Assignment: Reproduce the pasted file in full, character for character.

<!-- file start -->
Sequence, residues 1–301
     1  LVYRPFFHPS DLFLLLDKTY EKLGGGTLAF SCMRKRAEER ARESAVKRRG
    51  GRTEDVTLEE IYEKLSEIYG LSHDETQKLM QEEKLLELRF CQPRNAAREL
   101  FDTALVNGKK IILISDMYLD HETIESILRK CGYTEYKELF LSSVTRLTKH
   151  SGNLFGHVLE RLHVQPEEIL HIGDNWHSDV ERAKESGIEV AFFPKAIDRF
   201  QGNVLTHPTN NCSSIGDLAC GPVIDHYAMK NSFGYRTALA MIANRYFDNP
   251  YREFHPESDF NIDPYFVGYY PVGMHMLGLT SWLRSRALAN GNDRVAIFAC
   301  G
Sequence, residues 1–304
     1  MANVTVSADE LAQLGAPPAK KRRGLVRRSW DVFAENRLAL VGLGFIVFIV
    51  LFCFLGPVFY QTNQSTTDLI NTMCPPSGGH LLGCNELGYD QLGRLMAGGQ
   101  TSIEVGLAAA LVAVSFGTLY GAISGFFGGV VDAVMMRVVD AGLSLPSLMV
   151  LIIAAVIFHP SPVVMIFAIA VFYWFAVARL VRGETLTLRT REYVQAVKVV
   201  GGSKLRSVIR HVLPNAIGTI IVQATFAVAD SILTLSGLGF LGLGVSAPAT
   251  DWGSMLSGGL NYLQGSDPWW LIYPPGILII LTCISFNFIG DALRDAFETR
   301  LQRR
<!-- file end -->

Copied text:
Sequence, residues 1–301
     1  LVYRPFFHPS DLFLLLDKTY EKLGGGTLAF SCMRKRAEER ARESAVKRRG
    51  GRTEDVTLEE IYEKLSEIYG LSHDETQKLM QEEKLLELRF CQPRNAAREL
   101  FDTALVNGKK IILISDMYLD HETIESILRK CGYTEYKELF LSSVTRLTKH
   151  SGNLFGHVLE RLHVQPEEIL HIGDNWHSDV ERAKESGIEV AFFPKAIDRF
   201  QGNVLTHPTN NCSSIGDLAC GPVIDHYAMK NSFGYRTALA MIANRYFDNP
   251  YREFHPESDF NIDPYFVGYY PVGMHMLGLT SWLRSRALAN GNDRVAIFAC
   301  G
Sequence, residues 1–304
     1  MANVTVSADE LAQLGAPPAK KRRGLVRRSW DVFAENRLAL VGLGFIVFIV
    51  LFCFLGPVFY QTNQSTTDLI NTMCPPSGGH LLGCNELGYD QLGRLMAGGQ
   101  TSIEVGLAAA LVAVSFGTLY GAISGFFGGV VDAVMMRVVD AGLSLPSLMV
   151  LIIAAVIFHP SPVVMIFAIA VFYWFAVARL VRGETLTLRT REYVQAVKVV
   201  GGSKLRSVIR HVLPNAIGTI IVQATFAVAD SILTLSGLGF LGLGVSAPAT
   251  DWGSMLSGGL NYLQGSDPWW LIYPPGILII LTCISFNFIG DALRDAFETR
   301  LQRR